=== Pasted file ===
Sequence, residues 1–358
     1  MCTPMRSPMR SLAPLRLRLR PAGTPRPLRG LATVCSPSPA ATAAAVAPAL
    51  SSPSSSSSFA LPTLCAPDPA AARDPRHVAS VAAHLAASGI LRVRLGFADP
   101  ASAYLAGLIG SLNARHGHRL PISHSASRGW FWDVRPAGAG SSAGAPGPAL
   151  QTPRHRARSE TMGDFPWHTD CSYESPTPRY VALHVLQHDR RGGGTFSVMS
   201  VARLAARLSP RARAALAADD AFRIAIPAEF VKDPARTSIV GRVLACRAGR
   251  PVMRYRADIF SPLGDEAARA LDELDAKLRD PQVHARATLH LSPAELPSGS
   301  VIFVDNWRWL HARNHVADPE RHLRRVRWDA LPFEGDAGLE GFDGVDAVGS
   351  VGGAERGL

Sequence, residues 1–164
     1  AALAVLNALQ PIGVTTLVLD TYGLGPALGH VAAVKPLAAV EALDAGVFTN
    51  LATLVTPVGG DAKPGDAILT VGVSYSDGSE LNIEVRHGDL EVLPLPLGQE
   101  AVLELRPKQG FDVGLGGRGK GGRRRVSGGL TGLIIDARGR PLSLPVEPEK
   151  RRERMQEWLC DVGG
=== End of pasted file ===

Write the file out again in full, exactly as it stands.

Sequence, residues 1–358
     1  MCTPMRSPMR SLAPLRLRLR PAGTPRPLRG LATVCSPSPA ATAAAVAPAL
    51  SSPSSSSSFA LPTLCAPDPA AARDPRHVAS VAAHLAASGI LRVRLGFADP
   101  ASAYLAGLIG SLNARHGHRL PISHSASRGW FWDVRPAGAG SSAGAPGPAL
   151  QTPRHRARSE TMGDFPWHTD CSYESPTPRY VALHVLQHDR RGGGTFSVMS
   201  VARLAARLSP RARAALAADD AFRIAIPAEF VKDPARTSIV GRVLACRAGR
   251  PVMRYRADIF SPLGDEAARA LDELDAKLRD PQVHARATLH LSPAELPSGS
   301  VIFVDNWRWL HARNHVADPE RHLRRVRWDA LPFEGDAGLE GFDGVDAVGS
   351  VGGAERGL

Sequence, residues 1–164
     1  AALAVLNALQ PIGVTTLVLD TYGLGPALGH VAAVKPLAAV EALDAGVFTN
    51  LATLVTPVGG DAKPGDAILT VGVSYSDGSE LNIEVRHGDL EVLPLPLGQE
   101  AVLELRPKQG FDVGLGGRGK GGRRRVSGGL TGLIIDARGR PLSLPVEPEK
   151  RRERMQEWLC DVGG